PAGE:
5. Sunshine Cleaning- Another film from CMJ, this is a fairly light comedy-drama dealing with some heavy subjects- death, loss, memory, mourning, family...It sort of veers in a number of aesthetic directions, from raw emotional honesty to semtimental cliche to "Little Miss Sunshine" (with which I believe it shares a producer) style cutsiness. Amy Adams and Emily Blunt play sisters who start a business cleaning up crime scenes. It's a clever concept, but the film doesn't hammer the cleverness into you, it's really more of a character piece. When it works it works quite well and the film, all told, is rather charming, due in no small part to excellent performances by Adams, Blunt, Clifton Collins, Mary Lynn Rajskub and especially Alan Arkin, who is so good I found him almost painful to watch. Seriously, Arkin has always been a great actor, but given the right material, in this film as opposed to "Little Miss Sunshine," which simply wasn't as well written, he's absolutely perfect.

6. Decampment- This 40-minute, silent, shot-on-video experimental horror movie was made by the electro punk band adult. for them to play live to. Rather than just a collection of images, though, they've crafted an effectively atmospheric work, shot in bleak, grey-skied Michigan woods and similarly Northern Gothic locales. The story is cryptic and more-or-less secondary to atmosphere, but the piece as a whole is witchy and powerful, especially with the band's live, throbby, pulsey score.

7. Zach & Miri Make a Porno- eh.

8. My Name is Bruce- Bruce Campbell has basically made a career out of being Bruce Campbell. Sure, he's in movies, kind of a lot of movies, but as an actor he's never been especially ambitious, despite his popularity in the "Evil Dead" film, his filmography consists mostly of straight-to-video/DVD and made for cable science fiction films. But as a personality in the world of fandom, appearing at conventions and screenings (I saw him at BAM a few years back and he was hilarious), in his autobiography "If Chins Could Talk" and his novel "How to Make Love the Bruce Campbell Way," he's creating a kind of living performance art piece, a living breathing parody of himself as a washed-up never ran who still maintains a high level of arrogance and vanity. This film, directed by Campbell from a script by comics/TV writer Mark Verheiden (of the new Battlestar Galactica, Smallville and Heroes), is the cinematic adaptation of that persona, with Campbell playing himself as a drunken has-been, recruited by a small town to fight a local demon (a bean curd demon, no less). It's slight and silly but also genuinely entertaining, and Campbell is generally a joy to watch, as much here as anywhere because he gets a chance to really do what he does best, tapping into his inner bastard. A definite must for all geeks and probably a fun diversion for anyone else (not as funny as "They Call Me Bruce," though).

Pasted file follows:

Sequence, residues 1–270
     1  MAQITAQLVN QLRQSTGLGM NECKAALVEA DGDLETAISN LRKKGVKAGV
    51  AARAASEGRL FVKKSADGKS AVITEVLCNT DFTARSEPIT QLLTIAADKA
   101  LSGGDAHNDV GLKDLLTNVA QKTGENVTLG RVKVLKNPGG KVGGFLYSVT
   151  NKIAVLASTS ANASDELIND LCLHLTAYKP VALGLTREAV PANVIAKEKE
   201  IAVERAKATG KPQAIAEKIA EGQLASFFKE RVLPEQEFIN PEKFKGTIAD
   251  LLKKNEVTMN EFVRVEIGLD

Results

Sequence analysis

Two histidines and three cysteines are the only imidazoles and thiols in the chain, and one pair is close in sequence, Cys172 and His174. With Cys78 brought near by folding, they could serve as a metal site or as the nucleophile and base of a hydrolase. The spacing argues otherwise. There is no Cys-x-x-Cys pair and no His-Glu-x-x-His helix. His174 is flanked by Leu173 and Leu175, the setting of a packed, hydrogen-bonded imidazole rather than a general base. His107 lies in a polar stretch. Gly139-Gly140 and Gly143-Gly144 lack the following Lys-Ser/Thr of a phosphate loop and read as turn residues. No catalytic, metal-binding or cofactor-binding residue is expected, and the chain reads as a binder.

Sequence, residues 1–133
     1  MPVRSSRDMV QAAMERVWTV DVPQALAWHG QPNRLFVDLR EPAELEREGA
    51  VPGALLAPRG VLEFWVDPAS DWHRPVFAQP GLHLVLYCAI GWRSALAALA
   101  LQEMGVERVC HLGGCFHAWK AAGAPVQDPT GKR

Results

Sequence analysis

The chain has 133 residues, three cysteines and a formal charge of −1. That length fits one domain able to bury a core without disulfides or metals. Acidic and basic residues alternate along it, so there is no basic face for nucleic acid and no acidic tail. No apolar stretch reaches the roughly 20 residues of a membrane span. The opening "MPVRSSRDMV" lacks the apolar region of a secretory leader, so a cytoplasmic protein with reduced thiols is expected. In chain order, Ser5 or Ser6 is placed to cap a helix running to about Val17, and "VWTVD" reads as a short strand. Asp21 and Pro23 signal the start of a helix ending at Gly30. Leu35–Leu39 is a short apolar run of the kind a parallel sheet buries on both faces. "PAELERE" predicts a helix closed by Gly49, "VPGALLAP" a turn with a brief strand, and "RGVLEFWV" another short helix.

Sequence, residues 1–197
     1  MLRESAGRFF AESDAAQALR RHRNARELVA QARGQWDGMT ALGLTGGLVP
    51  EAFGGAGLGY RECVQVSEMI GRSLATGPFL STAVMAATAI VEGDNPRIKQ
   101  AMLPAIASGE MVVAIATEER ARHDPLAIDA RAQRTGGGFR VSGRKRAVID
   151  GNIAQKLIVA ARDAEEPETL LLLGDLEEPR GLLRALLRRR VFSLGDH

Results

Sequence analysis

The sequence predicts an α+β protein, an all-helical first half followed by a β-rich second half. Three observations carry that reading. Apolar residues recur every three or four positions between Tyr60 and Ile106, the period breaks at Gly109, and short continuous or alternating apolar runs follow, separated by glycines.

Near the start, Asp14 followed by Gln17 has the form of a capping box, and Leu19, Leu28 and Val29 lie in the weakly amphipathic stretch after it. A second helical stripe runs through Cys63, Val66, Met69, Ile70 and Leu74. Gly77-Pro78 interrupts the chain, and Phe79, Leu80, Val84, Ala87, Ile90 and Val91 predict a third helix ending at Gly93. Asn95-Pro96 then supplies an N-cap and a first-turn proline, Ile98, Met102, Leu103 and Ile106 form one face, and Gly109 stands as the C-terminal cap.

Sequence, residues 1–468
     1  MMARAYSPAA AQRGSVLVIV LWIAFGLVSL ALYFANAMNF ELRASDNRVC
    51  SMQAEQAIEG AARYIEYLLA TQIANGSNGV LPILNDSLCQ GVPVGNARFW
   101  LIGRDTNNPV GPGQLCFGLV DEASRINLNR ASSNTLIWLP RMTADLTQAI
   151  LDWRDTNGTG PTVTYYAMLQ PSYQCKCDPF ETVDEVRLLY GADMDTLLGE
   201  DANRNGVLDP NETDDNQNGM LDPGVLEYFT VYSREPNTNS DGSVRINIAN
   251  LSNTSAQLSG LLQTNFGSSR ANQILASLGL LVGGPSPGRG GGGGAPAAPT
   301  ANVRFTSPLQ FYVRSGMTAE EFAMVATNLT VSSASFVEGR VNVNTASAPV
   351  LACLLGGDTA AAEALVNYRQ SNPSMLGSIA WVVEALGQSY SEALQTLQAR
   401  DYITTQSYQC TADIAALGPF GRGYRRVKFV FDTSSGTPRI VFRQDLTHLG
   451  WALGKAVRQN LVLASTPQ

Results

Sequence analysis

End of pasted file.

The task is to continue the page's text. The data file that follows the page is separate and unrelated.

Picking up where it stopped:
9. How to Lose Friends and Alienate People- As previously discussed, Simon Pegg makes almost exclusively bad movies when not teamed with Edgar Wright, Nick Frost or Jessica Stephenson. This is easily his worst. Pegg plays real-life writer Toby Young, who apparently is one of the least likable, interesting or significant people to ever have a film made about them. This joyless, laughless comedy manages to be bland and vile both at once, while hitting every possible cliched note as though it were running down a checklist. Oddly, the film seems to be modelled structurally after notorious bad movies "The Oscar" and "The Lonely Lady," only without any of the high camp and clueless charm provided by either. And Megan Fox, why is she popular? I get that she's attractive, I'm a guy and I'm pretty good at sensing things like that, but you know who else is hot? Nearly every single other actress in Hollywood, most of them better performers as well, in fact I think it's generous to refer to her as a performer or actress at all. She's a prop. It makes sense that she appears in those Michael Bay action figure movies, but here, even as a spoiled, self-centered actress, she should excude at least some level of screen presence. Hell, she's out-acted here by Kirsten Dunst and Gillian Anderson, neither of them particularly good actresses and both of them doing a pretty lackluster job in this film. The only cast member who has any kind of spirit at all is Jeff Bridges, who as I've previously noted, is good in everything, no matter how bad the film, and this is truly one bad film. Grim and repellent, but fortunately also extremely forgettable. This string of bad Simon Pegg projects does not bode well for the "Star Trek" remake next year.